Defensively, the numbers aren't as good.
"We tend to not have as much of a problem scoring as we do stopping teams right now, and that's something we need to do is get some stops consecutively," said Charles Abouo last week.
The Cougars are tied for 102nd in the nation in points given up per game with 63.7. But given BYU's fast tempo, which increases the amount of opponents' possessions each game, that doesn't tell the whole story.
A better way to judge defense is through field goal defense. The Cougars are holding opponents to 38.9 percent shooting from the field, which is good for 39th in the country. Out of 346 Division I basketball teams, that's not bad.
But it's the perimeter defense specifically that has been a weakness at times. The Cougars are 75th in the nation in three-point defense, having allowed teams to shoot 31.3 percent from outside.
As a whole, that isn't an overwhelming shooting percentage from outside, but it's against the better teams that BYU has failed defensively.
The Cougars were burned from outside in three of their four losses this season. Utah State only shot 5-of-15 from outside, but Wisconsin shot 13-of-24, Baylor shot 13-of-25, and Saint Mary's shot 12-of-25. The latter three teams combined to shoot 51.3 percent from outside against BYU, and one couldn't help but feel a horrible sense of déjà vu as they all had nearly identical outside shooting numbers.
Things clearly weren't going BYU's way went Stephen Holt of Saint Mary's shot 4-of-6 from outside after shooting only 6-of-32 in his first 13 games (although he has shot it better as of late).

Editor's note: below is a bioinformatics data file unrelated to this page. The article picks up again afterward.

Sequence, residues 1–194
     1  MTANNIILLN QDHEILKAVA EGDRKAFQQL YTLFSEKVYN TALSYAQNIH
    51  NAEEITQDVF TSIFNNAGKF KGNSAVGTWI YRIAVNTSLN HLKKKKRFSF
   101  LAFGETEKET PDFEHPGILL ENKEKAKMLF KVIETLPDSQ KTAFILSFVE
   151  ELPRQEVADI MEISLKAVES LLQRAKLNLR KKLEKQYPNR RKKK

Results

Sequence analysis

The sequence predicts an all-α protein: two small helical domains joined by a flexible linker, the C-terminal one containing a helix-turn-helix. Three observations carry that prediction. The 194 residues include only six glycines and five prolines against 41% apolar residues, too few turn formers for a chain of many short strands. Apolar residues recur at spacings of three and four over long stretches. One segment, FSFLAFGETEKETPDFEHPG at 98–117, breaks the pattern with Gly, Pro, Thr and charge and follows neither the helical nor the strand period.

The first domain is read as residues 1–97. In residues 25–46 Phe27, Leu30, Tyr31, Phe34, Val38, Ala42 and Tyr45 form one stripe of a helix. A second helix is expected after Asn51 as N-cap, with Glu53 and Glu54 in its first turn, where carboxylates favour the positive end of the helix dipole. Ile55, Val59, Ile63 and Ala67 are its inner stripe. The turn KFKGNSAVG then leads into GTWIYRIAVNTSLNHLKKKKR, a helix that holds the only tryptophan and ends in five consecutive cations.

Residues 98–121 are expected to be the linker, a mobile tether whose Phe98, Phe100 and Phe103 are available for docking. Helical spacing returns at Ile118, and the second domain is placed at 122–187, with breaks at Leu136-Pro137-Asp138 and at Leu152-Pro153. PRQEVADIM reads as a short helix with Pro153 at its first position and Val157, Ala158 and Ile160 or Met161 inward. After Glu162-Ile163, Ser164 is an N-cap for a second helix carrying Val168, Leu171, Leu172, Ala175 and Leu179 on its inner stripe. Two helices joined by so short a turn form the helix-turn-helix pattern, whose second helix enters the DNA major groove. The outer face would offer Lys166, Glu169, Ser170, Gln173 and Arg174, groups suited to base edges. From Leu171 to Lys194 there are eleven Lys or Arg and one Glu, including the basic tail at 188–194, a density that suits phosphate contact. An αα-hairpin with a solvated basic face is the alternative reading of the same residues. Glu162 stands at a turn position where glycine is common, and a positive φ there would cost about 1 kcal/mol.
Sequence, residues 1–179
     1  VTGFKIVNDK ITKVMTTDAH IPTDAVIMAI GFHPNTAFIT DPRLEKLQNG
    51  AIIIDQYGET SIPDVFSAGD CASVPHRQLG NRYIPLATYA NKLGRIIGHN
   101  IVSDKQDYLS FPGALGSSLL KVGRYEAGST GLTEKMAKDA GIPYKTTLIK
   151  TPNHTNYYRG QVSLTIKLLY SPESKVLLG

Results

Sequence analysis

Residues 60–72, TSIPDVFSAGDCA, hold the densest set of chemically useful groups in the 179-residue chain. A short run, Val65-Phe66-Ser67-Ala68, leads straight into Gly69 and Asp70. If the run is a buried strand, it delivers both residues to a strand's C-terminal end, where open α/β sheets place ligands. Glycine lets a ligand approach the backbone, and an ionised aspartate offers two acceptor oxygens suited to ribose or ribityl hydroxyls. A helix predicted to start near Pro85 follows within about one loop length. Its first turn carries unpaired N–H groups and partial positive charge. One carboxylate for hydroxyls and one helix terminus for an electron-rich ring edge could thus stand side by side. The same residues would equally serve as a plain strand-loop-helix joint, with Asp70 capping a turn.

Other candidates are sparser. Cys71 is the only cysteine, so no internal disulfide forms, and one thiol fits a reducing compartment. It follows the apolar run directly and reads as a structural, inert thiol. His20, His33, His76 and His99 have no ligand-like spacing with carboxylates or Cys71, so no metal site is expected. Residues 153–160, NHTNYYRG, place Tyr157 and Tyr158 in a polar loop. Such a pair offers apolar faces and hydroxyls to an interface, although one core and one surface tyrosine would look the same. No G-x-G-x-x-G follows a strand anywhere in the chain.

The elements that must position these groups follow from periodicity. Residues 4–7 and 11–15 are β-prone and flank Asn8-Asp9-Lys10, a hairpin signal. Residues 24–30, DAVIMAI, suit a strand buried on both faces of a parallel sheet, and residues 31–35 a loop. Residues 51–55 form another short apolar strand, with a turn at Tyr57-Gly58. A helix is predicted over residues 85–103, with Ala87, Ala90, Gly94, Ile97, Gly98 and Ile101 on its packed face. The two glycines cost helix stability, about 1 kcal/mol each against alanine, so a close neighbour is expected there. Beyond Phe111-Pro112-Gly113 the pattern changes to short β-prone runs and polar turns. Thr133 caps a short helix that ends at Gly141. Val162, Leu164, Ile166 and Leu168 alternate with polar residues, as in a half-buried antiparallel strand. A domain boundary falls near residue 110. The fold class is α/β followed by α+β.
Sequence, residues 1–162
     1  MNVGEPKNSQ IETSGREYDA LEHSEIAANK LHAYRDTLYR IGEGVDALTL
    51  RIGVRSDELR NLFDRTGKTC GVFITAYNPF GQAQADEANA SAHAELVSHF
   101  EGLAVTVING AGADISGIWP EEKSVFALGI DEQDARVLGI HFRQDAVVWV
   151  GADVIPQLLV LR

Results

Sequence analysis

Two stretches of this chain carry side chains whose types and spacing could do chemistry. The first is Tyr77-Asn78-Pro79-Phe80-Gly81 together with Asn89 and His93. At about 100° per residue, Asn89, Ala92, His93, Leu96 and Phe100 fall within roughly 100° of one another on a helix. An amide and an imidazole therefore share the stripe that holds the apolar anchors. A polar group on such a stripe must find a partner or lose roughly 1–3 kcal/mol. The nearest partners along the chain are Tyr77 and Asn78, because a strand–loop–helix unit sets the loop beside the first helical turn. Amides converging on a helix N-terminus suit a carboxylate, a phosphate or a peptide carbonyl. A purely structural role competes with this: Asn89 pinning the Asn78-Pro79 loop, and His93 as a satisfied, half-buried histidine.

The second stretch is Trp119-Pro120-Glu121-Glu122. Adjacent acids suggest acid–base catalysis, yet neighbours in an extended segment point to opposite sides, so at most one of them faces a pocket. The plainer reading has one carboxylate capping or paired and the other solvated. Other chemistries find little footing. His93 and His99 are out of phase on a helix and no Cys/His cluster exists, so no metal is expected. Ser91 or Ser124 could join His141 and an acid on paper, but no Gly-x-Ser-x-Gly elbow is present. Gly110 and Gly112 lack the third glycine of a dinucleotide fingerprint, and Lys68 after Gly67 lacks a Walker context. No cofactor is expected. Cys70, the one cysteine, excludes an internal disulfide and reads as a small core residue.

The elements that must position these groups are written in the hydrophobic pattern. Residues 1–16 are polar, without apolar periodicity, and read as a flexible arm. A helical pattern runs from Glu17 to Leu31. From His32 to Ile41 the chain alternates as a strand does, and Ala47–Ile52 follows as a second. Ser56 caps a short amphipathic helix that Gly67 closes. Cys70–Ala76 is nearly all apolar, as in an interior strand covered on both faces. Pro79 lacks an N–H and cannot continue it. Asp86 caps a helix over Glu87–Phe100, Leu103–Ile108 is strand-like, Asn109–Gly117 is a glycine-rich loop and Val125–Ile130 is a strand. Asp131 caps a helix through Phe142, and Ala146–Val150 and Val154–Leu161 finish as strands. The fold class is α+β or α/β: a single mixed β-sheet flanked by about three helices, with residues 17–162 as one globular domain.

Wisconsin hurt BYU through methodical ball movement that chewed up the shot clock, eventually finding an open man time and time again. Baylor and Saint Mary's were able to catch BYU asleep in transition.
But in the three games since the Cougars gave up 98 points to Saint Mary's, their opponents only shot 16-of-82 (19.5 percent) from beyond the arc.
"Obviously we've worked on things on both ends of the floor, but we've really broken down some things defensively," said Abouo. "Our coaches do a great job of getting us in drills and situations to improve on that, but it just takes effort individually. Sometimes no one can help you stop your guy. It just has to be your effort and desire, so that's something that we have to do is play better individually too."
Coach Rose said he believes his team has improved its perimeter defense, and he attributed that improvement to working on it extensively in practice.
According to Rose, the defense has struggled at times because of a combination of youth and a lack of continuity.
"It comes down to matchups," said Rose. "Our guards – the tandems that we play – they really have to help each other, and we seem to have played a lot of different tandems of guards. And I think if we can get consistently into a group of three or four rotation of guys that are real confident playing with each other – because the style of how we play, guys need to know how other guys are gonna react – and I think that's just a process but I think the more we play the better we'll get."
As a senior team captain, and BYU's best perimeter defender, Abouo has had the opportunity to help his younger, more inexperienced teammates learn how to defend better.
"It's not so much talking and dictating as showing by example," he said. "You gotta go out there and compete and play with 100 percent effort, and basically if guys see you doing the right thing, it's gonna be contagious. So you gotta go out there and defend and stop guys, and guys will see that and they'll tend to do it also."
While BYU's perimeter defense has been better of late, the real measuring stick will ultimately be how the Cougars do in their eventual rematch against red-hot Saint Mary's, as well as two games against Gonzaga, and potentially a third match against those teams in the WCC Tournament. After all, once again, defense wins (conference) championships.
Add in a tough upcoming road game against Virginia Tech, and the Cougars will need to be playing well on both sides of the court in order to build their resume for March.
"Obviously we want to keep getting better, and we know [defense is] an area we can definitely improve on to make us extremely successful," said Abouo.